After an extraordinary 27-year journey of artistic leadership, Shreveport Little Theatre and Academy (SLT) bids farewell to its esteemed Managing and Artistic Director, Dr. Robert “Bobby” Darrow, who will retire at the conclusion of the current 102nd Season in April 2024. The announcement was made by board president Marianne Archibald, who acknowledged Dr. Darrow’s unparalleled dedication and contributions to SLT, spanning over half a century.
“Bobby’s dedication to SLT for over five decades is unparalleled,” Archibald stated. “He has achieved an incredible amount during his 27-year tenure as our Managing and Artistic Director, and his commitment to the theater is immeasurable. While we will miss his day-to-day leadership, we are thrilled that he has graciously offered to continue as a consultant and advisor to ensure the legacy he has built continues to thrive.”
Dr. Darrow’s connection with Shreveport Little Theatre began in 1973 when he worked backstage during the production of “Toys in the Attic” under the direction of Robert Buseick. His journey as an actor began at SLT in 1975 when he portrayed Prince Charming in “Snow White,” in the historic premiere stage production of a Walt Disney script.
In 1998, the theater faced financial challenges, with debts surpassing available funds. Dr. Darrow was invited by the board of directors to direct “Dearly Departed,” marking his first contribution as a director. Shortly thereafter, he assumed the role of Managing and Artistic Director. Under his steadfast leadership, SLT consistently delivered high-quality productions, breaking box office records and steadily increasing its membership and ticket sales over the ensuing decades. Throughout his tenure, SLT’s participants, including volunteer actors, board members, and patrons, increasingly mirrored the diverse community of northwest Louisiana.
In 2000, under Dr. Darrow’s guidance, the restoration of the original theater began with the expansion of the lobby and the addition of a courtyard. Fundraising efforts initiated in 2002 to rebuild the stage and backstage areas, which had been destroyed in a 1986 fire, saw success thanks to Dr. Darrow’s collaboration with Louisiana Senator Lydia P. Jackson and Representative Roy Burrell. The resulting $1,750,000 in State Capital Outlay Funding laid the foundation for a state-of-the-art, 15,200 square foot theater that opened on March 3, 2011. The inaugural production, Tennessee Williams’ “A Streetcar Named Desire,” directed by Dr. Darrow, was met with critical acclaim.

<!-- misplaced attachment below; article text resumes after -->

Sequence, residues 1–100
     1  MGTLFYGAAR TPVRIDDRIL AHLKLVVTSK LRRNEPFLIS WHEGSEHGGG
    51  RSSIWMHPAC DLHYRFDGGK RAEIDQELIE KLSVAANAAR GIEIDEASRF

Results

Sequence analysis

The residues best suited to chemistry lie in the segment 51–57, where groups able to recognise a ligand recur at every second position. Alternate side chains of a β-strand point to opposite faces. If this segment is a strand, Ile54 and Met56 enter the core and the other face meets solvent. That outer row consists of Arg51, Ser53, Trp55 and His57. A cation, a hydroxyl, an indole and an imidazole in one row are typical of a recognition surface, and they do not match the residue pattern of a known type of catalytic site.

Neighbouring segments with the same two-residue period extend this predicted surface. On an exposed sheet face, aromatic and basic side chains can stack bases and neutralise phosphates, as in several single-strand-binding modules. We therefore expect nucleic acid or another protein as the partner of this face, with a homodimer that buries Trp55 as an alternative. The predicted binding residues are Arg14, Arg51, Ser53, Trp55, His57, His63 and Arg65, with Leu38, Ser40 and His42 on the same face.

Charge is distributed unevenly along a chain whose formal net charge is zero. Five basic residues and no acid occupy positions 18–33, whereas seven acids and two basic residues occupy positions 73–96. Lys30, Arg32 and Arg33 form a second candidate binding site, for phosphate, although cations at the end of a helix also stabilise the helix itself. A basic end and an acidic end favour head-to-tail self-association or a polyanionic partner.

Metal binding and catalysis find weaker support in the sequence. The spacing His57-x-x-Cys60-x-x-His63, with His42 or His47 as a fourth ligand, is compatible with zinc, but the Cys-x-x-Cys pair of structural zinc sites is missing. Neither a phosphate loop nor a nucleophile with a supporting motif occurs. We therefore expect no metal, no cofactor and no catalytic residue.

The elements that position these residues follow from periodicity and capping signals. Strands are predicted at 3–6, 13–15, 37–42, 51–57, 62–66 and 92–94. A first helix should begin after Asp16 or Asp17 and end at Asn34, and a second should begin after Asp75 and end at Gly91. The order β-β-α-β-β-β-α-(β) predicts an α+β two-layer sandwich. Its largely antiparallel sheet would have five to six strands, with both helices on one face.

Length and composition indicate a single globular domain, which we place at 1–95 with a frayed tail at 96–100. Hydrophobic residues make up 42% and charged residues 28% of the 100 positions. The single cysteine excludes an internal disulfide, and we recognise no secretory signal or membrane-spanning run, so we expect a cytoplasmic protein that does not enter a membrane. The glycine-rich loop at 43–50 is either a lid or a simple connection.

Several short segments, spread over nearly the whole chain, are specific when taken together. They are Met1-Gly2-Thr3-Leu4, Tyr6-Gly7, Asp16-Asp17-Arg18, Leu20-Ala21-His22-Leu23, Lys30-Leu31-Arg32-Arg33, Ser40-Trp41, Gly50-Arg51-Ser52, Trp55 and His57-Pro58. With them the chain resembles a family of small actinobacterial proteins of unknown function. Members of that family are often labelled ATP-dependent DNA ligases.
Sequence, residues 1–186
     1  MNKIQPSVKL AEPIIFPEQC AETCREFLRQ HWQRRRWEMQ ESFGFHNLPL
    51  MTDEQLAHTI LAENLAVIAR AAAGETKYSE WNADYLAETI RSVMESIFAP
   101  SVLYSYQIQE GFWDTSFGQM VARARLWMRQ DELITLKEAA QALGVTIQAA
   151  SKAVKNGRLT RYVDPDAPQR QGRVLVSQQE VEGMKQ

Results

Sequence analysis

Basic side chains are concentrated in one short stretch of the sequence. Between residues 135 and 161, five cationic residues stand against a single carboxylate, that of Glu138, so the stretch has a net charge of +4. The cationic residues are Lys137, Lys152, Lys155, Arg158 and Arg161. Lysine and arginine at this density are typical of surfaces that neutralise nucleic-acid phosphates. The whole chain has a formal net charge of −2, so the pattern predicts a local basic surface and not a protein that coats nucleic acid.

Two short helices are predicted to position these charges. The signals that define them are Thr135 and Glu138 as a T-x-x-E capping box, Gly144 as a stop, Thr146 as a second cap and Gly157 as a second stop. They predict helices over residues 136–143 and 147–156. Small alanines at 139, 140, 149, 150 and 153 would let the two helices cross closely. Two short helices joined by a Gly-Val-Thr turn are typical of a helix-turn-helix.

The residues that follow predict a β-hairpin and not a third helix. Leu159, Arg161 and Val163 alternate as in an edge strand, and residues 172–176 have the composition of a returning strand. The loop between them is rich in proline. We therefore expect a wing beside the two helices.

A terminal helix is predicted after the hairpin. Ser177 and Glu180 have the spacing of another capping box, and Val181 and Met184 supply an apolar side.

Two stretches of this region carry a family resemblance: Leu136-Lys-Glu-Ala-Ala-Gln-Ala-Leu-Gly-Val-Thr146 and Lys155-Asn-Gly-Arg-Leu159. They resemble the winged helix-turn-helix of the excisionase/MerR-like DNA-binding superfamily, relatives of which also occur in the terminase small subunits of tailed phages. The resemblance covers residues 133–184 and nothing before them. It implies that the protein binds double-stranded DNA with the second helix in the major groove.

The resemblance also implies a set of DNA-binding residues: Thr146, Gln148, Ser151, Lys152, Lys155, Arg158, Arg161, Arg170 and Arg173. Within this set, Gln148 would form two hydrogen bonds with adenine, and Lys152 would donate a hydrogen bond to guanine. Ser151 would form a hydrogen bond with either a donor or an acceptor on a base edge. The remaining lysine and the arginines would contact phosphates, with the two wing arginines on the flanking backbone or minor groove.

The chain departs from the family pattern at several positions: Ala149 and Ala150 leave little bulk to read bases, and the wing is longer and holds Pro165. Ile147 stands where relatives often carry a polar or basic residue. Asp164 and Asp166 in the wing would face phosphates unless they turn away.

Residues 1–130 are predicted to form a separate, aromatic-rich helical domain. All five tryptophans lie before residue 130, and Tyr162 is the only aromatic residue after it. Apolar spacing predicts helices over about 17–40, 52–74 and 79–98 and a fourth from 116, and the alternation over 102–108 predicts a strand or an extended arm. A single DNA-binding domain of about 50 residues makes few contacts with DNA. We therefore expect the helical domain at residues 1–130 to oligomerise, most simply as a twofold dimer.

As a grant writer during his tenure, Darrow secured over $1,200,000 in awards for the Shreveport Little Theatre and Academy.
Dr. Darrow’s legacy extends beyond directing, as he founded the Shreveport Little Theatre Academy for youth in 2008, which continues to thrive today. In 2012, he established a Community Outreach Program to collaborate with seniors and clients of neighborhood nonprofit social service agencies. In 2019, he initiated Improv Workshops and a play-reading series titled “New Voices.”
As a director, Dr. Darrow achieved notable success with productions such as “Steel Magnolias,” “To Kill A Mockingbird,” “Greater Tuna,” “A Tuna Christmas,” “Smoke on the Mountain,” “Sanders Family Christmas,” “The Sound of Music,” and “Always, Patsy Cline.”
In 2022, to commemorate SLT’s centennial, Dr. Darrow authored and published a pictorial history book, “Maker of Dreams,” featuring over 400 production photos spanning 100 years of live theater. He also played a pivotal role in producing a documentary film, “Maker of Dreams,” which premiered statewide on LPB in August 2023, chronicling SLT’s century-long journey.
A native of Shreveport, Dr. Darrow served as the student body president at C.E. Byrd High School. He earned his BA degree from Centenary College of Louisiana in 1981, his MA from LSUS in 2001, and his EdD in Leadership from LSUS in 2018. He boasts a diverse career, including a decade in corporate management, serving as CEO of several nonprofit organizations in Shreveport. Notably, with his physician, he established The Philadelphia Center in 1990, where he currently serves as the Executive Director Emeritus.
Dr. Darrow’s numerous accolades include the National Association of Christians and Jews’ “Unsung Hero Award” in 1996, the American Civil Liberties Union’s “Bill of Rights Award” for 1998-1999, the Community Foundation of North Louisiana’s 2008 “G. Scott Griffin Memorial Award,” The Philadelphia Center’s 2015 “Lifetime Achievement Award,” and The Times’ (Gannett’s) 2016 “Northwest Louisiana Prism Award.”
Dr. Darrow is also recognized for his community involvement, having served as a former board member of the Greater Shreveport Human Relations Commission and as an advocate for animal rights, co-founding the Krewe of Barkus and Meoux. He is the son of Jean Darrow and the late Bill Darrow, both former educators with Caddo Parish Schools.
Dr. Darrow’s retirement marks the end of an era, but his influence on SLT and the community’s cultural landscape will endure as a testament to his dedication, creativity, and unwavering commitment to the arts.